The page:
5 Things Companies Need to Know About Adobe End of Life

5 Things Companies Need to Know About Adobe End of Life

Big Tech corporations have driven the final nail into the coffin of Adobe Flash Player. Its “end of life (EoL),” or “death,” if you will, was long expected. As the popular software timed out at the end of 2020, businesses that still house the program in networks would be wise to have it promptly uninstalled. Not only is Flash defunct, but it could create a cybersecurity gap that invites hackers.

Adobe Flash was a relatively commonplace program that drew little attention over its 24-year lifespan. Now that its death certificate has been signed, these are things industry leaders need to know about making funeral arrangements.

Adobe Flash

1: How Did Adobe Flash Work?

The multimedia software platform was widely recognized for facilitating the mainstream use of animation, video players, vector graphics, and Rich web applications, among others. Of course, its pop-culture claim to fame was that it helped video games and music work.

But as the use of devices and apps increased in business ventures, Adobe evolved with the times. It would enable a wide range of desktop and mobile applications to be coordinated with Flash. These and others would then be used with Windows, macOS, Android, iOS, and most videogame platforms. Adobe Flash became a standard element in the vast majority of electronic devices and business networks.

2: Adobe Flash Met Its Demise Through Agreement

The EoL of Flash was reportedly not a decision handed down by tech giants. Google, Apple, Mozilla, Microsoft, and Adobe leadership teams agreed that the end of an era was at hand. The decision to let Flash time out was made in 2017. For example, Google Chrome 88 no longer includes Flash, and Adobe has now begun blocking content. Now that the long run is over, support also comes to an end.

3: Adobe Flash May Be Used By Hackers

One issue that hasn’t garnered splashy headlines is that back in 2018, hackers pulled off an attack by exploiting a zero-day vulnerability in Adobe Flash. The problem was dealt with promptly, but the lesson should resonate with industry professionals today. As support ends, it should already be considered an unpatched program.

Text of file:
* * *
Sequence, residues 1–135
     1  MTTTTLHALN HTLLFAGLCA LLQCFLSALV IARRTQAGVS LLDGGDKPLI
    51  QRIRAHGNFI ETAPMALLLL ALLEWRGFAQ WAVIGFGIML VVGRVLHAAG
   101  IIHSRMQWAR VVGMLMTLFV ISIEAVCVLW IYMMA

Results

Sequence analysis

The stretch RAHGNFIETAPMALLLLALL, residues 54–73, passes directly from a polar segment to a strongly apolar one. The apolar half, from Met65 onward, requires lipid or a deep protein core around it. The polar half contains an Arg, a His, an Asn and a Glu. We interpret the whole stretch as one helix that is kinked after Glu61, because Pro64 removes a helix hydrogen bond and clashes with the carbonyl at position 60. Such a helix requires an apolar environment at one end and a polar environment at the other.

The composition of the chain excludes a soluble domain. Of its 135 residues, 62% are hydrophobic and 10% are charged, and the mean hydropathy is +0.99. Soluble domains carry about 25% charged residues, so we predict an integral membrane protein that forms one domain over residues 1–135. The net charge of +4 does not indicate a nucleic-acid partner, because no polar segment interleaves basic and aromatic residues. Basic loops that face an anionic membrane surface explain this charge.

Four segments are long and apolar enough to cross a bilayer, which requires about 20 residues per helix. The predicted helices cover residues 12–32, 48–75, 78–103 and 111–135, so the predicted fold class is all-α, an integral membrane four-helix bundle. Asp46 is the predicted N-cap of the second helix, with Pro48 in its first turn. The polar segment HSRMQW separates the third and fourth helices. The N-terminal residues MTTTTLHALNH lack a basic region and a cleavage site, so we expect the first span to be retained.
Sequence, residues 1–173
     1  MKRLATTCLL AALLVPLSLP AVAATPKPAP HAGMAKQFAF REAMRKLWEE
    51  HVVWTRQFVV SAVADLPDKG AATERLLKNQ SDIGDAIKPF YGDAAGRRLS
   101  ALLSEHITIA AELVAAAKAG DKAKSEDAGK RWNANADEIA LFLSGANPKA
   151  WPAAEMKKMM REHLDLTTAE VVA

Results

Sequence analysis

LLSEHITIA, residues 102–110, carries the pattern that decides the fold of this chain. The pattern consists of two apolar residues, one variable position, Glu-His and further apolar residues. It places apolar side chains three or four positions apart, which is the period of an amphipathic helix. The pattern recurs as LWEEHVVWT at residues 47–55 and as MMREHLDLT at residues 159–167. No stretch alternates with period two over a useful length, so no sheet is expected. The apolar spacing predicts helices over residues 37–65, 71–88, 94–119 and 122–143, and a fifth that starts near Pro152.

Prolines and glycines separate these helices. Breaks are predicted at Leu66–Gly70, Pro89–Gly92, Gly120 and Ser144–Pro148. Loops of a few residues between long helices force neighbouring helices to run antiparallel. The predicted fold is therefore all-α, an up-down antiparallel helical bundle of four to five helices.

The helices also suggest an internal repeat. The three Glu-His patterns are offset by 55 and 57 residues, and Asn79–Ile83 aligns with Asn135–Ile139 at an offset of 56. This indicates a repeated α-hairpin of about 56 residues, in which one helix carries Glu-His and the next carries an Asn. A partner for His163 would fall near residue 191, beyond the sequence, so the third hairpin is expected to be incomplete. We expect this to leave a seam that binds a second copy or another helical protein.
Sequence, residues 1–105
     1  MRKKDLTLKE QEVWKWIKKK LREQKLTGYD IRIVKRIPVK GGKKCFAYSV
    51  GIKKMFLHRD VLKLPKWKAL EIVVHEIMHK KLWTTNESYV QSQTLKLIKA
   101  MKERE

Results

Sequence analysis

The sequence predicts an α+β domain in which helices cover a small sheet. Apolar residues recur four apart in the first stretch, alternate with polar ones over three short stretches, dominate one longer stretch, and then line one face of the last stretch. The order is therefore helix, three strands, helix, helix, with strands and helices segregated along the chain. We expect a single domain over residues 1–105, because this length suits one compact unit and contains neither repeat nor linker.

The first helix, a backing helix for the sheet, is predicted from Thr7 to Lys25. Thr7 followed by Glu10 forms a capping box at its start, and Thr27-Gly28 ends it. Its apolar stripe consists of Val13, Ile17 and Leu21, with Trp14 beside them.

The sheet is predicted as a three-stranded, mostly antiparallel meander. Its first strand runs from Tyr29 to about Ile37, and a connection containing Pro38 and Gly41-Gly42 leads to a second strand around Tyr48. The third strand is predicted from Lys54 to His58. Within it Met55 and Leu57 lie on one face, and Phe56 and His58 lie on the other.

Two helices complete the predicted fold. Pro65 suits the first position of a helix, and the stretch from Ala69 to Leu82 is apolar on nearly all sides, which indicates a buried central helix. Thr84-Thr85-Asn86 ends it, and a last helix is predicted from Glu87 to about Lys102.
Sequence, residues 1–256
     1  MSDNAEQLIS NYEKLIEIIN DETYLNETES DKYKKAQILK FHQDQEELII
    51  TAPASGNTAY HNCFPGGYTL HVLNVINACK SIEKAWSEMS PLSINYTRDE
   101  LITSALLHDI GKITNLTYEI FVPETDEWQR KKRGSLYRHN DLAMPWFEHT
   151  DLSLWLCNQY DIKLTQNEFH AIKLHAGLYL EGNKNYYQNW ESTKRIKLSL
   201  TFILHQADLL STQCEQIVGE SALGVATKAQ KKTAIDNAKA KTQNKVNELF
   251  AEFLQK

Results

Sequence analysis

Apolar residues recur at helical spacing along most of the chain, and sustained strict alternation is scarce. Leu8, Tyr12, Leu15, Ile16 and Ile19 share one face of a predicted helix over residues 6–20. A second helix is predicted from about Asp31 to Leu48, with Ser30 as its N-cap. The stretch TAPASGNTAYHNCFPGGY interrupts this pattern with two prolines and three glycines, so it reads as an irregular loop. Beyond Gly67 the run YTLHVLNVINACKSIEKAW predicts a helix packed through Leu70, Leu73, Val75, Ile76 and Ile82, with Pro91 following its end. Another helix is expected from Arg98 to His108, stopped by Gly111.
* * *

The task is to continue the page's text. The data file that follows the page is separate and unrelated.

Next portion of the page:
For those who are not cybersecurity specialists, unpatched software is the equivalent of an open door for online criminals to walk right through. Without updates and fixes, digital thieves find ways to manipulate software and gain entrance to entire networks. Cybersecurity experts routinely patch programs and uninstall outdated ones for this very reason. Adobe Flash cannot be updated or fixed. Therefore, it creates a clear and present danger.

4: Uninstalling Flash Can Be Complicated

Business professionals would be wise to have an IT expert remove the program immediately. If you have yet to secure a third-party firm to manage your system, each operating system requires a slightly different process. Windows PC users can download an Uninstall program from Adobe.

Mac users will need to seek out a different version. There are also several Mac Uninstall programs available, depending on which MacOS version you are using. Tapping Uninstall in each device may not be effective. Because a misstep can leave your network vulnerable, it may be worth erring on the side of caution and working with an IT professional.

5: What Will Replace Adobe Flash Player?

The great technology meteor has effectively rendered Flash extinct, but people who relied on the program need not worry. The three-year EoL rollout appears to be time well spent. Browsers such as Explorer and Chrome, among others, have mechanisms to convert Flash-reliant applications. Alternatives such as HTML5, WebGL, and WebAssembly, are reportedly already in play.

If you own any electronic device and store valuable or sensitive data, it’s essential to take proactive measures and deal with the Flash issue. Tech giants may have killed it, but you are tasked with the burial arrangements.

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